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Thursday, October 30, 2014

Statistician explores how faculty can excel in blended learning environments

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"Want to be rated an excellent instructor by your students?" writes Leslie King, Staff Writer and Emory Report.

Facilitate learning, show respect for students and communicate well and you are virtually guaranteed to get an overall rating of excellent, irrespective of anything else.

In a recent lecture sponsored by Emory's QuanTM, learning analytics expert Chuck Dziuban explained trends about the new learning environment that blends face-to-face and virtual instruction. 
Photo: Emory University News

The University of Central Florida's Chuck Dziuban said this unbreakable rule is based on data mined from 1.2 million end-of-course student evaluations of their professors and instructors. If the students rate them excellent in all three of those categories, they will inevitably be rated as excellent overall.

Dziuban explained this and more about today's blended learning environment in a recent speech entitled "Teaching and Learning in an Evolving Educational Environment." His public talk was sponsored by Emory's Institute for Quantitative Theory and Methods (QuanTM).
"Whether you call it online learning, distributed learning, hybrid learning, blended learning, lecture capture, learning in a cloud, virtual learning, MOOCs, adaptive learning — buzz words enough for you? — I've been evaluating it for the last 20 years," said Dziuban, who serves as director of the Research Initiative for Teaching Effectiveness at the University of Central Florida (UCF), where he teaches research design and statistics.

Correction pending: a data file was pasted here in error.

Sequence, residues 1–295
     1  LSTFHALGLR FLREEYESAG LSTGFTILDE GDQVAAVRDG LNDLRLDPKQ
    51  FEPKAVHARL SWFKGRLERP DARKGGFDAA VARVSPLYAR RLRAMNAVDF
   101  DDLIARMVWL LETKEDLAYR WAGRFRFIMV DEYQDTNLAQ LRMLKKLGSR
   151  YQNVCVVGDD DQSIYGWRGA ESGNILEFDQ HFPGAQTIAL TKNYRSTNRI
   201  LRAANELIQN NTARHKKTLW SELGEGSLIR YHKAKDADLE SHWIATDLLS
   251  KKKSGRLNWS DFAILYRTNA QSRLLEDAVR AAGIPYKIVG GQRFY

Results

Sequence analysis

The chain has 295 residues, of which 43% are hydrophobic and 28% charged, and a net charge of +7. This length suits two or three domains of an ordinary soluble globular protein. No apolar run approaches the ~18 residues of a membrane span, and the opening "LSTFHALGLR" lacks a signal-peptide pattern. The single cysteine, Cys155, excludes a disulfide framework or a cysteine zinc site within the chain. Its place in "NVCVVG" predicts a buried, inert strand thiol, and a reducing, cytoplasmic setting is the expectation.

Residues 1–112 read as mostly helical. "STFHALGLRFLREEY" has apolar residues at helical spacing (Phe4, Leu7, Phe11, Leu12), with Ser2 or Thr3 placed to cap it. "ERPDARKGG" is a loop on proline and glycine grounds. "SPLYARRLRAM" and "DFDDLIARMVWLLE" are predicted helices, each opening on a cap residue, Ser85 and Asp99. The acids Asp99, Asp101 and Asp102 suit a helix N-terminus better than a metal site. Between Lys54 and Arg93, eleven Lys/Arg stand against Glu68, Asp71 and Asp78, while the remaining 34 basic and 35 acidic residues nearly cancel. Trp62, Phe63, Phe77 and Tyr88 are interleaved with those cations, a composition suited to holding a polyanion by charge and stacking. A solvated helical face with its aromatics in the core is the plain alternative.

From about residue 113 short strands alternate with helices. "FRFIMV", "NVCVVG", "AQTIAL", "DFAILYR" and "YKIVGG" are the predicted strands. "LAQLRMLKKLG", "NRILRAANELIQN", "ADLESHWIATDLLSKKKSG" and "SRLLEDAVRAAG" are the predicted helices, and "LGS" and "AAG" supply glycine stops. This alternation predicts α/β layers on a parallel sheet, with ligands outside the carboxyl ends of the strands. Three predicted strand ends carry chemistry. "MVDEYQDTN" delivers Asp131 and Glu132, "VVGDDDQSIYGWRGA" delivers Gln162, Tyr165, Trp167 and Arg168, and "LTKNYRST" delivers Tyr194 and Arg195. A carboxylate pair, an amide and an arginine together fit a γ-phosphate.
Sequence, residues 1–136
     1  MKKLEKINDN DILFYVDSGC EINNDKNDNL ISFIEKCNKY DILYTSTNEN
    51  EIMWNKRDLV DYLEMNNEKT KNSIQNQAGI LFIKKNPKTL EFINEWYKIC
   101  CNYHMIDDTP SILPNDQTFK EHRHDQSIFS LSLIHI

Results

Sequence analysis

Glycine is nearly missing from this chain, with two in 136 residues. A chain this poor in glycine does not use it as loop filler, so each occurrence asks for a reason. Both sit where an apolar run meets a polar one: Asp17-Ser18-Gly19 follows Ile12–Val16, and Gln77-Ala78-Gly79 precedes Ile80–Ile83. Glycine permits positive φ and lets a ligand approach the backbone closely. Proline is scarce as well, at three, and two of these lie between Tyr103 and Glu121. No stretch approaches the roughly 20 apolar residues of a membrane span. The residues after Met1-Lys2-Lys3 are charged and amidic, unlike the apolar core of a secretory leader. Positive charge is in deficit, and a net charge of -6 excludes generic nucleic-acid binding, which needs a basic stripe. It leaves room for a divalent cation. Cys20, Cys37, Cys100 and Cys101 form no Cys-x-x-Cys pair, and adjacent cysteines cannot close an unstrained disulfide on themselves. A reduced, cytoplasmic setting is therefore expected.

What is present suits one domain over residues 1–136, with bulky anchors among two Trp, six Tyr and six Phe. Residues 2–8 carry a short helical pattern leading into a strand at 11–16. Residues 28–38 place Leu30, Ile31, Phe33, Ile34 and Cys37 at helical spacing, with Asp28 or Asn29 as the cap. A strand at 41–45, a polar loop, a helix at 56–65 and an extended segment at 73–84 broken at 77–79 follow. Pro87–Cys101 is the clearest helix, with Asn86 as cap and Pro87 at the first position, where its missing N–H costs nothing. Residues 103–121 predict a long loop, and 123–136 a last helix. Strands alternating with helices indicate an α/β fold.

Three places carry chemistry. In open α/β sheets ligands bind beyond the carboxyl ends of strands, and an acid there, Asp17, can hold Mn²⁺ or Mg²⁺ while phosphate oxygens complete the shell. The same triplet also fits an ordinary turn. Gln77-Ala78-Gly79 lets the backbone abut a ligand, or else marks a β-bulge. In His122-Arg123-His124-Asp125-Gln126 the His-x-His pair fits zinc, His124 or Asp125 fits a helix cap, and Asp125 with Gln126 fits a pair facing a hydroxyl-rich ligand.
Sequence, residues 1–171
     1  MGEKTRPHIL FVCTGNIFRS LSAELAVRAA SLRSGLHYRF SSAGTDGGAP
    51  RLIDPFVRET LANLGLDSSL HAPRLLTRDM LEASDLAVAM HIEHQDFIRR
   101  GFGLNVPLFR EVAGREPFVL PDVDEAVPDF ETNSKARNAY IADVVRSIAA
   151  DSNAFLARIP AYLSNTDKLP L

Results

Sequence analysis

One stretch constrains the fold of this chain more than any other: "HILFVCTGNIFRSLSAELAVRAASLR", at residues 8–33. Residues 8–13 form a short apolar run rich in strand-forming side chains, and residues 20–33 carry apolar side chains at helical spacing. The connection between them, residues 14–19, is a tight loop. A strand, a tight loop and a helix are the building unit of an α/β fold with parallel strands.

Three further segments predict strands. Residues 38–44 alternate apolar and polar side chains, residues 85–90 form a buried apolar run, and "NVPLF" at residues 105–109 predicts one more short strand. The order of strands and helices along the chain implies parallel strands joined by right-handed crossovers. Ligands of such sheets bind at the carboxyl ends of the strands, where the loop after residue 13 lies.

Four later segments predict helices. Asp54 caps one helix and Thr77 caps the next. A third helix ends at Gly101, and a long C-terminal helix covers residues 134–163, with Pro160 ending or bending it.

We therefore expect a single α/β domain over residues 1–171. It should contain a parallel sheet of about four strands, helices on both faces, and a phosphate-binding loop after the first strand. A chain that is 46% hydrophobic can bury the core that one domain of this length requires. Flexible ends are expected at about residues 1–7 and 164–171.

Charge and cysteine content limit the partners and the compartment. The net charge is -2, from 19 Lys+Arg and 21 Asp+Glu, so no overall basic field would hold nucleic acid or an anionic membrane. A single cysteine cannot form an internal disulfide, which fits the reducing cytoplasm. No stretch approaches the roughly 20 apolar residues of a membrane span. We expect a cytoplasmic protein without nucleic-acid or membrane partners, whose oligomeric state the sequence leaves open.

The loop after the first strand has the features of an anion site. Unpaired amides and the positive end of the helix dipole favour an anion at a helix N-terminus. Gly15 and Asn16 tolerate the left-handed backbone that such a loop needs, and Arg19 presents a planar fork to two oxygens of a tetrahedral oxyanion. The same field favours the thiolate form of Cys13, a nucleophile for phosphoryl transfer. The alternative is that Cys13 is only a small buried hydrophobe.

"It changes; it morphs. What it was 20 years is nothing like it is today. What it is today is nothing like it will be two years from now," he said.

At UCF, "we have 60,000 students and growing. There's no way we can accommodate our student base in a physical space," he said. "All of our growth comes from the distributed learning environment. We're having a decline in face-to-face enrollment and rising online enrollment. That's a scary curve. We've already done the position paper on what this is going to look like five years from now and we need to make some strategic decisions about it."
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Additional resources

Dziuban also showed examples of how he taught his classes in Second Life. A recording of his Oct. 15 speech, along with a link to his presentation slides, is available below:
Teaching and Learning in an Evolving Educational Environment by Chuck Dziuban

Source: Emory University News and Events